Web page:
Why won't you tell a candidate the salary range for a position?

A candidate got up and walked out when one company balked, according to a story shared at Reddit's r/aita group. The poster explained:

15 minutes in they had not talked at all about compensation so I asked. The interviewer told me that "it's bad mannered to ask for a salary this early in the process." I just smiled and said that I disagree and that I was not going to waste my time entertaining an offer if they could not compete. He tried to argue back that they were a startup and yada yada so I just did what I did before. Stood up, thanked him for his time, and left.

The hiring manager--who turned out to be the CEO--flipped out, and the recruiter was angry enough to make a passive-aggressive post about it on LinkedIn.

Listen, I know there's a long tradition of holding off on salary information as long as possible. Candidates aren't standing for it anymore. The concept is that you get the candidate so excited that they'll take the job even if the salary isn't great.

This is a terrible strategy. 

I support this job candidate 100 percent. They made a boundary, stuck to it, and didn't continue to waste anyone's time by staying in an interview for a job they didn't want. Here's why you should always be upfront with the salary.

Candidates think you're low-balling them.

If the interviewer doesn't disclose a salary range, you can assume that the salary isn't competitive. That's what goes through the head of candidates. You may have other reasons for keeping it confidential, but plenty of companies are willing to be open, so you look suspicious. 

You waste everyone's time--including our own.

There is no job so fabulous that candidates will lower all their salary expectations. Sure, sometimes people are willing to take a pay cut, but generally, they are looking for a responsibility cut as well. Why would you want to spend hours of company time interviewing someone who would not accept a job at the salary you have to offer? Talk about an illogical thing to do.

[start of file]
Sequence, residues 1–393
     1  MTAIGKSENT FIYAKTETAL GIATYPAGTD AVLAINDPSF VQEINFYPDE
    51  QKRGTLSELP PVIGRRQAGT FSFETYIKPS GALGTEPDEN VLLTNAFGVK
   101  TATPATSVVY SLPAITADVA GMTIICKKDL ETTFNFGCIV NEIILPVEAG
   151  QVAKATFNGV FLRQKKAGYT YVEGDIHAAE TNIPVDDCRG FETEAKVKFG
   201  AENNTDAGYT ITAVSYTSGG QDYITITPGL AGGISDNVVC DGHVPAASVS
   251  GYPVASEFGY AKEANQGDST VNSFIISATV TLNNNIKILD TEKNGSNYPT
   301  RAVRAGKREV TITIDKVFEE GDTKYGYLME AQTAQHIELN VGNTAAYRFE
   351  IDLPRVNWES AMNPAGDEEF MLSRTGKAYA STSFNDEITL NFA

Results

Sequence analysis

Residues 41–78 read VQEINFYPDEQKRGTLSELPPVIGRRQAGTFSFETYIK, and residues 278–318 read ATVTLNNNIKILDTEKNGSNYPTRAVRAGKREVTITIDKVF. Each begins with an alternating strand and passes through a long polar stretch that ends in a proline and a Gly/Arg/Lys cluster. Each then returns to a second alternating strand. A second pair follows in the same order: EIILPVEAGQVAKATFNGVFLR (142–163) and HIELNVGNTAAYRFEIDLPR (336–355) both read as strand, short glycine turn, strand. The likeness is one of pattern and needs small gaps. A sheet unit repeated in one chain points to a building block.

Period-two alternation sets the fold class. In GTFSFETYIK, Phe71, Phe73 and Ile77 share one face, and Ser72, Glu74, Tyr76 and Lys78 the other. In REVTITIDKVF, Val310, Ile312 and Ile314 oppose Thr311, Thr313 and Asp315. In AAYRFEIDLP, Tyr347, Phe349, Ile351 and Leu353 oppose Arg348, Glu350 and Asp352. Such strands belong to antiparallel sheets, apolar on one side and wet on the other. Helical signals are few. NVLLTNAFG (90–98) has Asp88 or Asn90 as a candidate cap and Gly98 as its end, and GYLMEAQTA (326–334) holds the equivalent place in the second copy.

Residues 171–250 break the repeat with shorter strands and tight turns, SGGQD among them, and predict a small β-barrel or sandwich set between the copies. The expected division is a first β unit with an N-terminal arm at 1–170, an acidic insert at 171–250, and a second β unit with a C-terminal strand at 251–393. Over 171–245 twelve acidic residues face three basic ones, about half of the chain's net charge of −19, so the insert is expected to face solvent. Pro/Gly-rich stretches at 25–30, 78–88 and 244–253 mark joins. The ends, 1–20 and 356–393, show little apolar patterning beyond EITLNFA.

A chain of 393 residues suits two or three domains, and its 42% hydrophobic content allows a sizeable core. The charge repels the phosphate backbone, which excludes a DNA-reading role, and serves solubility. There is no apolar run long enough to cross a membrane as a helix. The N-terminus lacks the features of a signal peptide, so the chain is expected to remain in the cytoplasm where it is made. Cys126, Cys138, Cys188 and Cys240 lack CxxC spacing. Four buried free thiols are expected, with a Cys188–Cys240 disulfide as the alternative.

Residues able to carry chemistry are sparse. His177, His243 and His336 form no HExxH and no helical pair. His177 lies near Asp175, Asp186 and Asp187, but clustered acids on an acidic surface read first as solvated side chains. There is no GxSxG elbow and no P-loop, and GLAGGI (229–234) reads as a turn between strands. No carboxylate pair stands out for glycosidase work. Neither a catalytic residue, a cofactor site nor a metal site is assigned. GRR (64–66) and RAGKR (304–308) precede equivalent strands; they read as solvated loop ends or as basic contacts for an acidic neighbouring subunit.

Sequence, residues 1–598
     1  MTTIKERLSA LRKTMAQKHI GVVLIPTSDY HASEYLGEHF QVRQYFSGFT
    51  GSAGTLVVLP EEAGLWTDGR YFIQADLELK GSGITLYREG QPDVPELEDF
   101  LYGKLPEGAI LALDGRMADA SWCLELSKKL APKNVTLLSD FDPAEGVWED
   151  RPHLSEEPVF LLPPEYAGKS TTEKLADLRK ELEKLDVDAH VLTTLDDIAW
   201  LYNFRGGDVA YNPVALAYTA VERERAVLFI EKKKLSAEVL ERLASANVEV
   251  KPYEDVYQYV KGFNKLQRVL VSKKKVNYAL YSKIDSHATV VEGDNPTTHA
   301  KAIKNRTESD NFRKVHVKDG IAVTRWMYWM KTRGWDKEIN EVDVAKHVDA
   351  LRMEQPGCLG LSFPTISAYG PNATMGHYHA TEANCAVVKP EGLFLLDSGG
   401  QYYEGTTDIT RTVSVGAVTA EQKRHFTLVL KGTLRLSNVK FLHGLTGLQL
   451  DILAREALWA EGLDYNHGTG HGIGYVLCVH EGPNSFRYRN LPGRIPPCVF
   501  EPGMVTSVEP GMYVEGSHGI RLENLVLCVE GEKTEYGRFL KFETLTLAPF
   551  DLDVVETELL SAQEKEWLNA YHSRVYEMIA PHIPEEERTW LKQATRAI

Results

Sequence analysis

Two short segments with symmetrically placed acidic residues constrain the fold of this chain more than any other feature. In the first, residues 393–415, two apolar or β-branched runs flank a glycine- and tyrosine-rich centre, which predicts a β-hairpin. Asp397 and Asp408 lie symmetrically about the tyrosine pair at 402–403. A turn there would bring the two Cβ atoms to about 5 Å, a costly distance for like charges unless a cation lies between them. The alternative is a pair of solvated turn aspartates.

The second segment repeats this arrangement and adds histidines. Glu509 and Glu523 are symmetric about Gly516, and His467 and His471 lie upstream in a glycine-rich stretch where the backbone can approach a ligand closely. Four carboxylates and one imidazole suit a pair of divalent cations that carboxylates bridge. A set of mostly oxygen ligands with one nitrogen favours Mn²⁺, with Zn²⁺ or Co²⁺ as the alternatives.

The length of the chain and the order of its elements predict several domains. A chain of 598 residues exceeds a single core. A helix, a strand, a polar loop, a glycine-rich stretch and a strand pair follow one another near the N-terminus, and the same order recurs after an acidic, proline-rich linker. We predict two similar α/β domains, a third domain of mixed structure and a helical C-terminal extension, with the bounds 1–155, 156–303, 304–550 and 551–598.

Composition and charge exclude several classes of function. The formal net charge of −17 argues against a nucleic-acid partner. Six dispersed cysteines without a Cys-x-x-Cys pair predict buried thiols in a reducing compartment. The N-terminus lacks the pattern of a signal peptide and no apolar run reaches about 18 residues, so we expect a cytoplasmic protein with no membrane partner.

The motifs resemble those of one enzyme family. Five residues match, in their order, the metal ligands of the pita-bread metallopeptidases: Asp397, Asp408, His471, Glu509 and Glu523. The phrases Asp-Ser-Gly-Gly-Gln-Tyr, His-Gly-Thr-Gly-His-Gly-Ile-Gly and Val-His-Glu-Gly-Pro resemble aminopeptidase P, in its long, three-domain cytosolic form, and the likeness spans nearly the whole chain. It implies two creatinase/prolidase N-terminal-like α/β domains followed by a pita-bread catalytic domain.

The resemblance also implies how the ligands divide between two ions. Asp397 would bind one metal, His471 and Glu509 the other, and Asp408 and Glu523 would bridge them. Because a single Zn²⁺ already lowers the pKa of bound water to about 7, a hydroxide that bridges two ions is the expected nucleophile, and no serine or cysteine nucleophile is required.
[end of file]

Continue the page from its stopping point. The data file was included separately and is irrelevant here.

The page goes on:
The internet makes sharing information easy.

Your employees are already posting their salaries. They are talking about them with their co-workers. And stories like this? Whatever company this person applied to, he chose to keep their name confidential. He could have named the company. Plenty of people are willing to bash companies online. 

Remember, with every interview, the candidates are interviewing you just as much as you're interviewing them. Every job interview is also a public relations event. Withholding critical information can result in bad reviews.

It's the law--some places.

In Colorado and coming to New York City in November, employers have to put salary ranges in their job postings. Other states require salary information later in the process, and more states are considering salary transparency. Sharing isn't an option if you're in an area requiring salary transparency. If you're not, your competitors are doing it, and withholding your own salaries won't give you an edge.

Keeping key information confidential isn't good for your business or your candidates. And if you refuse to share the information, don't be surprised when a candidate walks out.